Behind the Scenes: Podcast Interview with Greater Than Code

Reading Time: 5 minutes

Two months ago I did an interview with the Greater Than Code podcast. We talked about leveling up as a programmer, improving the value of meetings, and evaluating employees on their teamwork skills.

Other fun nuggets you can learn in this podcast: how to pronounce the word “coxswain”, what to say to an adorable child in an Arabic-speaking country, and what I think of Elon Musk.

Here is a link to the recording and the transcript.

Behind the scenes, here’s what it took for me to do the podcast:


A friend/mentor of mine introduced me to podcast coordinator and sound engineer Mandy, and I knew one of the hosts fairly well (see recording). I am fortunate in this regard. That having been said, if you think you’d like to appear on a podcast, my recommendation would be to do the following:

  1. Listen to a few episodes on their website or on iTunes and consider whether you’d like to do an interview like that.
  2. Think about which topics you would like to cover. It’s an hour(ish) interview, so I recommend having at least three topics so that you feel comfortable that you have enough things to say.
  3. Become a monthly patron of the show or make a donation via PayPal. This serves a few purposes:
    1. It helps support the show you like so they can keep recording!
    2. You get an invitation to the Greater than Code Slack. The Slack is full of thoughtful people having insightful conversations in several different channels like #conferences, #wellness, #politics, and #polyglot. You’ll get to meet other folks who are interested in the same topics as you, which can help you out with my next recommendation.
  4. Start thinking about how you would articulate your topics in a conversation. You can practice by talking with colleagues or chatting in online communities. I find that blogging helps me articulate my ideas much better than I do if I am speaking completely extemporaneously. If you have never done something like this before, that’s OK! But I would recommend some practice as described here.
  5. At this point it may make sense for you to reach out on Slack about interviewing for the podcast. There might not be a slot immediately (mine was planned almost half a year in advance)—which gives you some more time to practice!

podcast microphone


The Greater than Code staff helped me select a date for us to record. As I mentioned before, we chose the date several months in advance.


The team asked me to send over any specific items that I wanted to cover in the conversation. To pick my topics, I looked back through my blog for posts I either was really proud of, or thought were really important, or thought miscommunicated my message such that I wished to clarify it.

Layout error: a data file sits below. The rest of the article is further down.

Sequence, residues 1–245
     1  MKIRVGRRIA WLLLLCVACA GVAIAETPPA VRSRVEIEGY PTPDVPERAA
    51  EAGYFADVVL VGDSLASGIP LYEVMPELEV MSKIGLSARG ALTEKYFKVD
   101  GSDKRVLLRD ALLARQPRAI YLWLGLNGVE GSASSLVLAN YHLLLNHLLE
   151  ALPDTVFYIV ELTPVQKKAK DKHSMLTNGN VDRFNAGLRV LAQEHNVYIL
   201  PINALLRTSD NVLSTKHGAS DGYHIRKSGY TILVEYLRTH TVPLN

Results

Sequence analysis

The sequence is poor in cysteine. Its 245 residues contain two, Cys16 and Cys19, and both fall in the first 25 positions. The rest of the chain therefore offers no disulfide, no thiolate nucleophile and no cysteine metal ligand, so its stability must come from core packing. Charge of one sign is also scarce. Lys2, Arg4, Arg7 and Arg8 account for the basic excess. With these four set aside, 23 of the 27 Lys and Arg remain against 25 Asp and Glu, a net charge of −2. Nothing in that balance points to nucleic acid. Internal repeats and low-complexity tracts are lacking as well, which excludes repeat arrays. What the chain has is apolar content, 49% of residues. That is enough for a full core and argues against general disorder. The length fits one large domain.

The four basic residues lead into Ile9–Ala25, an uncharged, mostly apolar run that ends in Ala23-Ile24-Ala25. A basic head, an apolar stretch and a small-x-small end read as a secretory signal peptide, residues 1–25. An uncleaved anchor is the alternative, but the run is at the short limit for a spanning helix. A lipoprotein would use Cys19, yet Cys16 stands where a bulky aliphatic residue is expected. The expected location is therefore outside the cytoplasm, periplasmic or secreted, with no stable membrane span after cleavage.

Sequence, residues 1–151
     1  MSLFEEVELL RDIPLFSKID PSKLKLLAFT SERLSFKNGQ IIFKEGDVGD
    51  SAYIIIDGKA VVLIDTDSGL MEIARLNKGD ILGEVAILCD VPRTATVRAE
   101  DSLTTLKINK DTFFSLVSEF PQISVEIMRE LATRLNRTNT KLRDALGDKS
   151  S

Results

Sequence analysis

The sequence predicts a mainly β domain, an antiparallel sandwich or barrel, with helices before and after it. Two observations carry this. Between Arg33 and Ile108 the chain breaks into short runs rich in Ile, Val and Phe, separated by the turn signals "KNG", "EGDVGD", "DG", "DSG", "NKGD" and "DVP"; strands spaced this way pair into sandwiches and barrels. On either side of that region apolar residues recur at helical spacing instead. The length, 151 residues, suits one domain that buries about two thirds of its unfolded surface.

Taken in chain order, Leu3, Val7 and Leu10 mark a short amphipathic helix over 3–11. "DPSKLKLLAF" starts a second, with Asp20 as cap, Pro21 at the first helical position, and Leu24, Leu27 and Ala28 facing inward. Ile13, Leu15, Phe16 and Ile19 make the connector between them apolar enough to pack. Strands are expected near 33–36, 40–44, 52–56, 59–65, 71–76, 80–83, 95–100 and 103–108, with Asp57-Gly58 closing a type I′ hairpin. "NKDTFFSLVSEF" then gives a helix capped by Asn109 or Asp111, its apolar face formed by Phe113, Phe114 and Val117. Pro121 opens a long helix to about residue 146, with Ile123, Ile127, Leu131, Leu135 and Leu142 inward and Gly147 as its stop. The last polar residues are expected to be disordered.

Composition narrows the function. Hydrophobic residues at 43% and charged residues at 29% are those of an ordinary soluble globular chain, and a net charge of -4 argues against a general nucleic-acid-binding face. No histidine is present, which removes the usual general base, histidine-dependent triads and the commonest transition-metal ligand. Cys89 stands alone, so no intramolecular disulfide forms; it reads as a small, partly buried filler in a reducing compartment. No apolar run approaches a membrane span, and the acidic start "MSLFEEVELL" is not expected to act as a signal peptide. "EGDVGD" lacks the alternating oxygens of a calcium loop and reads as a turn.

The team also asked me to send over a headshot. I’m not a huge photos person, so I sent over a painting of myself :).


To record, we scheduled about an hour and a half on a Wednesday morning. I happened to be visiting another company that day, but my colleagues there generously arranged for me to record inside of one of the executives’ closed offices. I also borrowed a headset with a microphone from my colleagues. We connected and conversed over Slack.

As we connected to the call, I felt just a little nervous about saying anything that sounded awkward on the recording. I don’t run into that on the blog because writing allows me to edit what I said. The hosts allayed those fears. As we were chatting before we began recording, Coraline mentioned: “This podcast is pretty heavily edited, Chelsea, so feel free to say something over if you need to.”

Funny story: about halfway through the recording, an executive assistant came in to tell me that the executive whose office this was now (unexpectedly) needed it back. So I picked up the laptop and my bag and darted to a corner of the open office. The Greater than Code staff were incredibly accommodating, and the headset I was using managed to block most of the ambient noise in the office. I noticed this especially because I was in the market at the time for my own headset and mic to record voice over for a screencast on RubyTapas (post forthcoming on that). Sam, one of the hosts, had a set that looked and sounded great. I asked him which one it was, and he sent me the link! I now own this headset. I love it. Thanks, Sam!


I did not have to do anything after the recording was over. Mandy took care of the editing (thank you!) and the podcast episode came out a week after we recorded.


I took some time to prepare for this podcast interview. Overall, I had a fantastic experience doing it!

More behind the scenes posts forthcoming: I’m shooting to do one every month.

If you liked this post about appearing on a podcast, you might also like:

This ongoing series about leveling up as a programmer

This ongoing series about refactoring our software toward processes

This post about seniority as a technologist

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